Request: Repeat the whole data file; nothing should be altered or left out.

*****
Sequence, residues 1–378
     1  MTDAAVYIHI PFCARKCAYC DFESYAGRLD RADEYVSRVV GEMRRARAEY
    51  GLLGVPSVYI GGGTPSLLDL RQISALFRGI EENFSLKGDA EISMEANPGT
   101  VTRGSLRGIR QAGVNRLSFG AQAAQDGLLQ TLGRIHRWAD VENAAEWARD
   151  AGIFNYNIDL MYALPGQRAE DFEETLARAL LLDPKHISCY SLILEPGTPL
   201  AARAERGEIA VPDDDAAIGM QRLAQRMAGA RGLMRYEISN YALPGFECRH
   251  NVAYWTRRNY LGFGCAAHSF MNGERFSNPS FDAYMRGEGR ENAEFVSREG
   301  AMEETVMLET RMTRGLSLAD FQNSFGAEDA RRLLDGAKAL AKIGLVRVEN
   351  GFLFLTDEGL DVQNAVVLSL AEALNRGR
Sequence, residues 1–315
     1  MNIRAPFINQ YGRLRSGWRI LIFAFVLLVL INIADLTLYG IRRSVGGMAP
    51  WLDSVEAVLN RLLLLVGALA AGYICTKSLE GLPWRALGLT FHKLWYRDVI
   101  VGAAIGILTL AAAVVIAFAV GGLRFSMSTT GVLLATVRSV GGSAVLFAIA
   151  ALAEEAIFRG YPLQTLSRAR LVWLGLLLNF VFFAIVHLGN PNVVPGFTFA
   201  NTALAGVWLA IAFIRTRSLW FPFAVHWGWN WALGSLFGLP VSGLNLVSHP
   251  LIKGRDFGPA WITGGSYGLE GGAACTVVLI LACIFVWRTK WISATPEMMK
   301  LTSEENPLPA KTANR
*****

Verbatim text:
Sequence, residues 1–378
     1  MTDAAVYIHI PFCARKCAYC DFESYAGRLD RADEYVSRVV GEMRRARAEY
    51  GLLGVPSVYI GGGTPSLLDL RQISALFRGI EENFSLKGDA EISMEANPGT
   101  VTRGSLRGIR QAGVNRLSFG AQAAQDGLLQ TLGRIHRWAD VENAAEWARD
   151  AGIFNYNIDL MYALPGQRAE DFEETLARAL LLDPKHISCY SLILEPGTPL
   201  AARAERGEIA VPDDDAAIGM QRLAQRMAGA RGLMRYEISN YALPGFECRH
   251  NVAYWTRRNY LGFGCAAHSF MNGERFSNPS FDAYMRGEGR ENAEFVSREG
   301  AMEETVMLET RMTRGLSLAD FQNSFGAEDA RRLLDGAKAL AKIGLVRVEN
   351  GFLFLTDEGL DVQNAVVLSL AEALNRGR
Sequence, residues 1–315
     1  MNIRAPFINQ YGRLRSGWRI LIFAFVLLVL INIADLTLYG IRRSVGGMAP
    51  WLDSVEAVLN RLLLLVGALA AGYICTKSLE GLPWRALGLT FHKLWYRDVI
   101  VGAAIGILTL AAAVVIAFAV GGLRFSMSTT GVLLATVRSV GGSAVLFAIA
   151  ALAEEAIFRG YPLQTLSRAR LVWLGLLLNF VFFAIVHLGN PNVVPGFTFA
   201  NTALAGVWLA IAFIRTRSLW FPFAVHWGWN WALGSLFGLP VSGLNLVSHP
   251  LIKGRDFGPA WITGGSYGLE GGAACTVVLI LACIFVWRTK WISATPEMMK
   301  LTSEENPLPA KTANR